So who owns SeaWorld and all its confusing chain of subsidiaries? Lots of shell companies, most of which have the word Cayman in the title, except for the one that has Delaware in the title.

But my favorite of the three sentences is the simplest: "we refer to this acquisition and related financing transactions as the '2009 Transactions.'"

What related financing transactions? They are apparently on equal par with the acquisition since after that point, the prospectus refers repeatedly, not to the acquisition, but to the "2009 Transactions."

They may be buried somewhere amid all the other information in the prospectus, but they are undoubtedly far more complex than the simple notion that "Blackstone bought SeaWorld," which is the only information that a casual reader of business news is likely to have any hope of retaining. Who knows what unknown land-mines and special favors are in the heart of those "2009 transactions?"

And by the way, since Goldman Sachs may be conflicted as a co-lead underwriter of the IPO, it is supposedly being supervised by Citigroup ( C). Everywhere you look in the prospectus, there are slimy little sea-nuggets of this sort.

Again, there's little that's unique to SeaWorld about these issues. Similar points could be raised about any one of Blackstone's portfolio companies, or many others owned by private equity giants such as Fortress Investment Group ( C), Carlyle Group ( CG) or KKR ( KKR).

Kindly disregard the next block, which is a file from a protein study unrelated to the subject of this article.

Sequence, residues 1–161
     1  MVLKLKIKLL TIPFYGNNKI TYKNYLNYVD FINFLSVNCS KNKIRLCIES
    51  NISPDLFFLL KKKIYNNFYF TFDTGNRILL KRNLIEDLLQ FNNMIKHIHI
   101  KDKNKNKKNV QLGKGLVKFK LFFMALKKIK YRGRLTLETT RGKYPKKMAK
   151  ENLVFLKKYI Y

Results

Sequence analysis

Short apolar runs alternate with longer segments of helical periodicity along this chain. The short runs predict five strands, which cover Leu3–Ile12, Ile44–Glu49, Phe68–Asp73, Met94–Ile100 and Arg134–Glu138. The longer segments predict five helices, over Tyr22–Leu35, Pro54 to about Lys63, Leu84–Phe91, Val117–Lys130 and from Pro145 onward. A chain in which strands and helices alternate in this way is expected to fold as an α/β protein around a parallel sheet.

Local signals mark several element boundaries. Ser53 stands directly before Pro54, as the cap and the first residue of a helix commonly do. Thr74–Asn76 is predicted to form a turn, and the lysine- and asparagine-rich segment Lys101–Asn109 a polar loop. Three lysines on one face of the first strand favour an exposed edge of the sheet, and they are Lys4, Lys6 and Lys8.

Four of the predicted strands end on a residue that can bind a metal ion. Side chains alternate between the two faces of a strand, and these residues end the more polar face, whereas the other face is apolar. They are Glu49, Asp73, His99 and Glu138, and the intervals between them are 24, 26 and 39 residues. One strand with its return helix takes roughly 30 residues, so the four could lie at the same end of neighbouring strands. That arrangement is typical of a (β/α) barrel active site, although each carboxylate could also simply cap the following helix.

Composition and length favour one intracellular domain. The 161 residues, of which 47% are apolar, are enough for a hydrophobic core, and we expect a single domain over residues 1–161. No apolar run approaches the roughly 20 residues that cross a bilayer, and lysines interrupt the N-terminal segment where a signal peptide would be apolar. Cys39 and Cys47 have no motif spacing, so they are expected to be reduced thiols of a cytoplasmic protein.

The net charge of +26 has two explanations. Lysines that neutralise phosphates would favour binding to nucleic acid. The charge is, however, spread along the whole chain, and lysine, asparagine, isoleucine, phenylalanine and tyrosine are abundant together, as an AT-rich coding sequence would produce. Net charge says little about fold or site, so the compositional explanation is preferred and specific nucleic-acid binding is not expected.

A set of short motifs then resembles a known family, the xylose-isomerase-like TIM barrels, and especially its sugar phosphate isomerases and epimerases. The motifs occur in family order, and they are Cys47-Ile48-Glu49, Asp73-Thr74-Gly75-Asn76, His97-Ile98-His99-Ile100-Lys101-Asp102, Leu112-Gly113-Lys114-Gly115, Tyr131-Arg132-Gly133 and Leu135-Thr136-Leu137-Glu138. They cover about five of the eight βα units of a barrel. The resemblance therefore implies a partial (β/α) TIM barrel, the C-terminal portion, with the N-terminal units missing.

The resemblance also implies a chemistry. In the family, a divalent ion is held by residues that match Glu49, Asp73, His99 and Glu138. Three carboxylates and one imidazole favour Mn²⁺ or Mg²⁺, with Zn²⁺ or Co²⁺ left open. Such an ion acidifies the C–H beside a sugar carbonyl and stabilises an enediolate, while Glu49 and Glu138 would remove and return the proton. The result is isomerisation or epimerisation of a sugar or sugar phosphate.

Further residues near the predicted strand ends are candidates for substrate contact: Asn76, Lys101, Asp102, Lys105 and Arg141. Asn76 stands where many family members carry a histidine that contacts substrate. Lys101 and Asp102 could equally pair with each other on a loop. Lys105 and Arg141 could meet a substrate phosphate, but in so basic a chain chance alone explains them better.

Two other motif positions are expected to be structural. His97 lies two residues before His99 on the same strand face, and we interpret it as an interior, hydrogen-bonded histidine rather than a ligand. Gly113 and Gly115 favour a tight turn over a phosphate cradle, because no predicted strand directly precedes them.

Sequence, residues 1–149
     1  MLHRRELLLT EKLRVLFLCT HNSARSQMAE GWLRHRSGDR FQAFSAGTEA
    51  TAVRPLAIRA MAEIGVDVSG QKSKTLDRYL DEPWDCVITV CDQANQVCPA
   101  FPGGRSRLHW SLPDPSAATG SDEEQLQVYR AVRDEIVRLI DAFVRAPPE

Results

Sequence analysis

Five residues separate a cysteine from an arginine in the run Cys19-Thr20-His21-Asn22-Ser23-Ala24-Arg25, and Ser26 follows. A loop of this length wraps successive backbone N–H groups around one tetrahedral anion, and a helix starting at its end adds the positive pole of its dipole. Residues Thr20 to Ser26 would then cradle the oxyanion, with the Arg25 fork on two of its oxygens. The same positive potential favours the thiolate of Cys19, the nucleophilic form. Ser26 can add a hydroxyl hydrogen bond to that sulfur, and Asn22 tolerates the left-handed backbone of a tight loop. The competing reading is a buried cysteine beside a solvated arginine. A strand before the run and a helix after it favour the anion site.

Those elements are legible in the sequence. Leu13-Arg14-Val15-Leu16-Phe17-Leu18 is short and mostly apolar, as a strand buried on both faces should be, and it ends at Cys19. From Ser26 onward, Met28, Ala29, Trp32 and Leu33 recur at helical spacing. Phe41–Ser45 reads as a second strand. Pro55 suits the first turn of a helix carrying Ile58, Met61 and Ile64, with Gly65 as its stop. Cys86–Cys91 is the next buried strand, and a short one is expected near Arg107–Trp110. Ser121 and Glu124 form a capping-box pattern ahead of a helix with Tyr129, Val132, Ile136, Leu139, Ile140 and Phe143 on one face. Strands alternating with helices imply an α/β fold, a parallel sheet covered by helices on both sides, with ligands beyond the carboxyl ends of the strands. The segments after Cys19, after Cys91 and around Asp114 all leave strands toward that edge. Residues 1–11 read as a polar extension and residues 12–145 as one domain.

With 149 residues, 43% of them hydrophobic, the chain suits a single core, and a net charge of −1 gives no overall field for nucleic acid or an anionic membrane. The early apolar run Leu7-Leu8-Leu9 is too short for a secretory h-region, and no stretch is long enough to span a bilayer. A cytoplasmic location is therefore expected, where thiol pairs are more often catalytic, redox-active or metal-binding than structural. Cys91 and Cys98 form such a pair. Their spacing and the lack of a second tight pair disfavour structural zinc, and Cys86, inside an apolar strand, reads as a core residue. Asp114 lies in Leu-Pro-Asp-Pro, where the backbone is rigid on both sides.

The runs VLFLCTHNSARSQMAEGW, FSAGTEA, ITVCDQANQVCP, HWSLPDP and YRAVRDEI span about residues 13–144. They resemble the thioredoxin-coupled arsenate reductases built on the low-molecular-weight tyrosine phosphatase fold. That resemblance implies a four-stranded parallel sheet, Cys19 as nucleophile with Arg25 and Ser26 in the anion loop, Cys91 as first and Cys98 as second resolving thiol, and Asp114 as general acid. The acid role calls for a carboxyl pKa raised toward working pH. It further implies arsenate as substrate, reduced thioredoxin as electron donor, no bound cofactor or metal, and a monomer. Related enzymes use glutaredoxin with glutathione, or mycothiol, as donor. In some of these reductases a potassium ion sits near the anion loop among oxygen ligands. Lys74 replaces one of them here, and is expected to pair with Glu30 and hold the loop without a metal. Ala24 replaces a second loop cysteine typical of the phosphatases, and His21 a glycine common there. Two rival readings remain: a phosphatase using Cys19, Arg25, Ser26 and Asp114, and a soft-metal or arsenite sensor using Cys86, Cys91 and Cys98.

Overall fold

These corporate kleptomaniacs, run mostly by old hands who worked for some earlier incarnation of all the banks we bailed out in 2008 and 2009, are likely to become increasingly important in the coming years. That's because they have escaped much of the regulation aimed at preventing future bank bailouts.

Imagine the world were a swimming pool and 1000 killer whales peed in it all all at once. A routine deal for Blackstone is at least that toxic. So, routine or not, as Arthur Miller once wrote when telling a very different kind of "routine" story about a mediocre salesman: attention must be paid.

-- Written by Dan Freed in New York.

Disclosure: TheStreet's editorial policy prohibits staff editors, reporters and analysts from holding positions in any individual stocks.

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